IRELAND AND THE PEACE.
[To THE EDITOR, OP THE " SPECILTOR."1
Six,—On Saturday the peoples of the whole Empire will join in glad celebration of the signature of that Peace which has sealed the victory won for liberty throughout Europe and all the world, and among none of them will the celebration be more hearty than among the loyalists of Ireland. But in the midst of our rejoicings let us hope that the people of England and Scotland will not forget that, unless some measure of de- liverance shall have passed through Parliament within the next six months (or, at most, a year) the signature of the Treaty of Peace or the ratification of the Treaty will have sounded the knell of liberty in Ireland.
The records of the Land League, the National League, and the United Irish League serve to show clearly what are the ideas of liberty entertained by the party to which the Act (which, unless repealed or altered, will come automatically into operation six months after the signature of the Treaty of Peace, or at latest after its final ratification) will hand over the government of our country. The like principles of despotism, enforced by the like sanction of outrage and murder, are consistently carried out by the Sinn Feiners. But let us in Ireland not permit our own private sorrow at the prospect of losing our liberty to interfere with the heartiness of our rejoicing at the deliverance of the rest of the world from the slavery suffered or threatened. The records above referred to show that the slavery which threatens us in Ireland is one which would affect not only Unionists, but also any Nationalists who might refuse accurately to " toe the line."
May I venture M call your attention to a passage in one of the two splendid articles on Ireland in the Spectator of July 5th, a
passage which unintentionally conveys, I think, an erroneous impression? You say well:- " If Americans want to be fair and just, and to repay the Irishmen who ance helped them against England, they will not pay their vows in Dublin but in Belfast. In truth, every good American ought to sign the Ulster Covenant, and let it be known that, even if we could be so ungrateful and so unjust as to hand over North-East Ulster to the mercies of a Dublin Par- liament, the American people would stand by the men who stood by them one hundred and fifty years ago." (The italics are mine.) May net the words in italics convey the impression that the Covenant concerns only North-East Ulster? As a Donegal man, I did not sign the Covenant in the place out of Donegal where reasons of health oblige me to live, but in Belfast, the capital of all Ulster, having first assured myself at head- quarters that "Ulster " meant the whole of Ulster, and, having been assured that thousands of forms of the Covenant had been sent to Donegal (I am sure also to Cavan and Mona- ghan).
In 1916, in view of an Imperial necessity arising during the war, and which was earnestly impressed upon them, the delegates from those three counties, animated by a spirit of self-sacrifice, gave their consent to the then proposed "Settle- ment," by which six counties of Ulster would have been ex- cluded, and these three given over to the tender mercies of a Dublin Parliament. But this Settlement leaving been rejected by the Nationalists, matters reverted to the status quo ante. The " Imperial necessity due to the war," constrained by which the above-mentioned delegates gave their consent, has, as such, ceased to exist.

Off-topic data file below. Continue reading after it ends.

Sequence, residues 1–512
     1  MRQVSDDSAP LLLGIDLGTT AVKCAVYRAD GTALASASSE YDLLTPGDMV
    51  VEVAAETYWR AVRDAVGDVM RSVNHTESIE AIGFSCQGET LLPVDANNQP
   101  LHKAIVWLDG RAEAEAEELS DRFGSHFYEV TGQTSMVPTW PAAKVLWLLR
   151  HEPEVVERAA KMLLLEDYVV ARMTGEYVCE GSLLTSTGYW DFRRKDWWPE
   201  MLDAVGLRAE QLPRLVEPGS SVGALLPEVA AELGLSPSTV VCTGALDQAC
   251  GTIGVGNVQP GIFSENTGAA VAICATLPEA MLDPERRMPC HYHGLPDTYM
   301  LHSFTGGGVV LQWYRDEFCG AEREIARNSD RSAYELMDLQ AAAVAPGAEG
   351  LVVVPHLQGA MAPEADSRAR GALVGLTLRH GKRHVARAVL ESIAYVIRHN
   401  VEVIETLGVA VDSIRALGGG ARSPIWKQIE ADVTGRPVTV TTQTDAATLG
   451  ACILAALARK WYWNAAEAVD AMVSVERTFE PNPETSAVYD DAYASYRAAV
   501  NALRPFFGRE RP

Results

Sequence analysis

I have been credibly informed that the Unionists of Donegal, though a minority of its population, furnished over eighty per cent, of the recruits from that county, and I have little doubt that Cavan and Monaghan Unionists could show a like per- centage. These had been preparing to fight for the preserva- tion of the liberty of Ulster; it is not to be wondered at that they offered themselves to fight for the liberty of the world. The majority of them joined the 11th Inniskilling Fusiliers (Donegal and Fermanagh Volunteers), part of the 36th (the Ulster) Division. Would it not be a grave injustice to the survivors that they should find themselves no longer Ulster- men?
Mr. Lloyd George's, Mr. Boner Law's, and Mr. Asquith's original declaration, in 191f or 1915, is often cited thus: " The coercion of North-East Ulster is unthinkable." What they really declared was, unless my memory grossly deceives me: " The coercion of Ulster is unthinkable."—I am, Sir, &c., H. S. VERSCHOYLE. P.S.—All honour to those Nationalists who faced obloquy that they might do their duty in joining. A Nationalist told me of a Nationalist neighbour of his whose daughter had for a time to have police protection going to and from school on account of her father's laudable activity in promoting a re- cruiting meeting to get men to join and fight for the cause of righteousness and liberty.
[We cannot rediscuss all the reasons for distinguishing be- tween the Six-County Area of North-East Ulster and the rest of the Province; but, briefly, the argument for self-determination, exclusion, the supremacy of the will of the majority—call it what one pleases—is unassailable in North-East Ulster (where the majority is Unionist and Protestant) and is assailable else- where. It is sometimes said that this policy of limited en- elusion leaves 'Unionists and Protestants elsewhere "in the air." This, however, would be much more an appearance than a reality. The only proofs which Nationalism could possibly give that Home Rule was a success and that North-East Ulster could safely " coffie in " would be proVided by the treatment of these Unionists " in the air." In fine, the Unionists of the South and West and of the part of 'Ulster outside the Six- County Area have much more to gain than to lose by the adoption of a principle which is politically water-tight and logical.—ED.' Spectator.]